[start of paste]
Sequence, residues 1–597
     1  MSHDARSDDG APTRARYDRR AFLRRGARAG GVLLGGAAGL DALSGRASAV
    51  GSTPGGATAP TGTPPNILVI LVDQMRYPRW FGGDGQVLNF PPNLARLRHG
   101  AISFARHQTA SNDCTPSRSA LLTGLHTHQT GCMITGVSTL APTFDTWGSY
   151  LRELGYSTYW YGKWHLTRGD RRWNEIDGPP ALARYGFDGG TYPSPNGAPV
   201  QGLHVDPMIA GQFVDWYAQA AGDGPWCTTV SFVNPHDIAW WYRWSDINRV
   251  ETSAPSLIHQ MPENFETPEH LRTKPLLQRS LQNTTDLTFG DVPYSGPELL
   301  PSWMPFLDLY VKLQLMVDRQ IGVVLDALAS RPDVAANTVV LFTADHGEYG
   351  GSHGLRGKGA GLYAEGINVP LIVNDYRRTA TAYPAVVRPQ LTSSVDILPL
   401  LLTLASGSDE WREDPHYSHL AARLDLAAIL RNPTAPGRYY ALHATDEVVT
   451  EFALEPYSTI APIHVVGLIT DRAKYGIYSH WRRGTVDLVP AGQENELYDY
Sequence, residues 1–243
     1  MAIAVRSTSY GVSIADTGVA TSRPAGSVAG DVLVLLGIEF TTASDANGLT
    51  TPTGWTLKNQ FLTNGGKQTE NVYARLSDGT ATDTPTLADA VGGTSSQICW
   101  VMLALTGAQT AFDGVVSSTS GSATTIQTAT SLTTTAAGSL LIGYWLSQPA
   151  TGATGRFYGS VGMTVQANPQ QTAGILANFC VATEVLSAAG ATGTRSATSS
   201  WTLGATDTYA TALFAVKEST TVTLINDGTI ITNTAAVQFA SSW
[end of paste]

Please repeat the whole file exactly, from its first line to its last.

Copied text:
Sequence, residues 1–597
     1  MSHDARSDDG APTRARYDRR AFLRRGARAG GVLLGGAAGL DALSGRASAV
    51  GSTPGGATAP TGTPPNILVI LVDQMRYPRW FGGDGQVLNF PPNLARLRHG
   101  AISFARHQTA SNDCTPSRSA LLTGLHTHQT GCMITGVSTL APTFDTWGSY
   151  LRELGYSTYW YGKWHLTRGD RRWNEIDGPP ALARYGFDGG TYPSPNGAPV
   201  QGLHVDPMIA GQFVDWYAQA AGDGPWCTTV SFVNPHDIAW WYRWSDINRV
   251  ETSAPSLIHQ MPENFETPEH LRTKPLLQRS LQNTTDLTFG DVPYSGPELL
   301  PSWMPFLDLY VKLQLMVDRQ IGVVLDALAS RPDVAANTVV LFTADHGEYG
   351  GSHGLRGKGA GLYAEGINVP LIVNDYRRTA TAYPAVVRPQ LTSSVDILPL
   401  LLTLASGSDE WREDPHYSHL AARLDLAAIL RNPTAPGRYY ALHATDEVVT
   451  EFALEPYSTI APIHVVGLIT DRAKYGIYSH WRRGTVDLVP AGQENELYDY
Sequence, residues 1–243
     1  MAIAVRSTSY GVSIADTGVA TSRPAGSVAG DVLVLLGIEF TTASDANGLT
    51  TPTGWTLKNQ FLTNGGKQTE NVYARLSDGT ATDTPTLADA VGGTSSQICW
   101  VMLALTGAQT AFDGVVSSTS GSATTIQTAT SLTTTAAGSL LIGYWLSQPA
   151  TGATGRFYGS VGMTVQANPQ QTAGILANFC VATEVLSAAG ATGTRSATSS
   201  WTLGATDTYA TALFAVKEST TVTLINDGTI ITNTAAVQFA SSW